With this bird ticked I now have even more time with which to play. I have decided to head to Brownsville for a few days of general/casual birding around Sabal Palms and Resaca de la Palma. There aren't any new species I expect to find, but I wanted to bird this area even though it will require a bit of backtracking from where I saw the owl. I haven't been to Brownsville since my 2008 South Texas trip. Like the rest of the LRGV, anything can show up at any time in Brownsville. These days will also help me fill up a few of the 9 days between now and when I need to be in Freeport to search for Yellow rail. I have the inside track on rails in this area and I feel very confident that I have a very good chance of seeing this species in the few days I spend in the area. 

66 flat ones!

A sample itinerary for the next week might look like this:

Wed 10th     Ride 35 miles to and bird Brownsville (moderate east winds)
Thu  11th     Bird Brownsville (moderate southeast winds)
Fri    12th     Bird Brownsville morning, ride 50 miles north to Raymondville on SE winds in PM
Sat   13th     Ride 75 miles north from Raymondville to Kingsville on SE winds
Sun   14th    Ride  75 miles northeast to Rockport. Forecasted BIG SE winds might complicate this ride though. They might be too strong (20-30 MPH sustained) to ride safely since they'd be crosswinds blowing me into the traffic lanes
Mon  15th    Ride 80 miles northeast to Palacios across light NW winds
Tue   16th    Ride 70 miles northeast to Jackson/Freeport

You can see that this timetable still gives me a few days to spare. If I reach Freeport early, I can do a bit of casual birding on my own. If something really good appears in the LRGV while I am still down here, I can use these extra days to chase it before heading north. 

Several people have asked if I would think about using these extra days to go back for Red-billed pigeon. I certainly thought about it but decided against it. The last report of the pigeon was on Nov 9 - a month ago. It would also require a 200-mile (100 out and back), dog and traffic light peppered backtrack. As badly as I want to add this bird, it just does not seem worth it right given the risks of traversing the traffic-laden LRGV again compared to the chances of finding the bird.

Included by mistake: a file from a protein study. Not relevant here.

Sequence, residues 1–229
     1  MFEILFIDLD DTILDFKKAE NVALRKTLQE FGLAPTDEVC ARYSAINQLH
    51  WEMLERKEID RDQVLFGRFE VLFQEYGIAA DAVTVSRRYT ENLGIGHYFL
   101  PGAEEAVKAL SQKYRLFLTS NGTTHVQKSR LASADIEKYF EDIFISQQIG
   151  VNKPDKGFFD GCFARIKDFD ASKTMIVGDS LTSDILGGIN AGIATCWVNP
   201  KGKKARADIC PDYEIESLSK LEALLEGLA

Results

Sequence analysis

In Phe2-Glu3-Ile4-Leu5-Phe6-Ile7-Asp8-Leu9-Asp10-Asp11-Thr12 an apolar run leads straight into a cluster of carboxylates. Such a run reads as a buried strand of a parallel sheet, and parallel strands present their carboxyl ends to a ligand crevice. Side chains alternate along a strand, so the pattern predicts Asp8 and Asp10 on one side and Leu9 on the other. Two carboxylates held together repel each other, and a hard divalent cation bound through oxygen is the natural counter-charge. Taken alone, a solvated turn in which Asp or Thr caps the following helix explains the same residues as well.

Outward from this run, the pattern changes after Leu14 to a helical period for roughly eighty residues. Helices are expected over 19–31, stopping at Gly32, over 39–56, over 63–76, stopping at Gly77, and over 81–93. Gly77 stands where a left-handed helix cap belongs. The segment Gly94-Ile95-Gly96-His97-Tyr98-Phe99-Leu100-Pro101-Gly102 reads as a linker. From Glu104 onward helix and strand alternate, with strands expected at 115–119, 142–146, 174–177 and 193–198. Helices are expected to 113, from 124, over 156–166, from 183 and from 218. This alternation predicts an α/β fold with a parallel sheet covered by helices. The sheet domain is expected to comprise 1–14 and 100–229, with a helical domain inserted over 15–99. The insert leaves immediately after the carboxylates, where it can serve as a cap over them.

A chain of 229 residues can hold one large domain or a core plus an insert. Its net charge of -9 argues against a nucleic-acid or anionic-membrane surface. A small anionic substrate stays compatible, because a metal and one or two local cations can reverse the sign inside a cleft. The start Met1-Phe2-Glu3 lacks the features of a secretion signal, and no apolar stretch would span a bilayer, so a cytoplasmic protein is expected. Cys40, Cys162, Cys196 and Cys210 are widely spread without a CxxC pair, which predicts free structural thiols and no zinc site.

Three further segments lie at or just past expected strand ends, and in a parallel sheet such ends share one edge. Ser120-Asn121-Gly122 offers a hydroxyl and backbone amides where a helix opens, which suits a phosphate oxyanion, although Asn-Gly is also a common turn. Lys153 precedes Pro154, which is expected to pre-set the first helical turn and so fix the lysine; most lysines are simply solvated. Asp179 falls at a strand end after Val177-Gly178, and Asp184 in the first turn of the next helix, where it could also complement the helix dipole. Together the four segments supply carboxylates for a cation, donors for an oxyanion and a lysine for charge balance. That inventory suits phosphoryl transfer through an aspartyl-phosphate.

The other thing that has cropped up is a particularly interesting job opening. I only have until Dec 12 to apply, so some shorter days  around Brownsville will leave me with time and energy to do this. I might even spend another full day in Brownville (the 12th) should I need extra time with the application. This is reminder that that return to real life is just around the corner!

Bonus shot of Eastern screech-owl from 
Bentsen the other day.
So well camouflaged!


  1. Dorian, we have a pretty good idea now on the approximate species total you'll end up with by New Year's, give or take a few. I'm interested on your own take on the question: How beatable is your big year using your same set of rules? -Dave

  2. Dorian, if you are in and around Brownsville you should consider a trip to the Brownsville Dump (not far from Sabal Palm). Who knows, you might find a crazy gull or maybe a Mexican Crow! At least it is worth a try.

  3. Are the parrots in Brownsville countable? Or maybe you already have them...

  4. eating at the Boiling Pot restaurant in Rockport is a good idea!

  5. I've got an unused gift card for Rudy's BBQ you can use in Brownsville if you want it.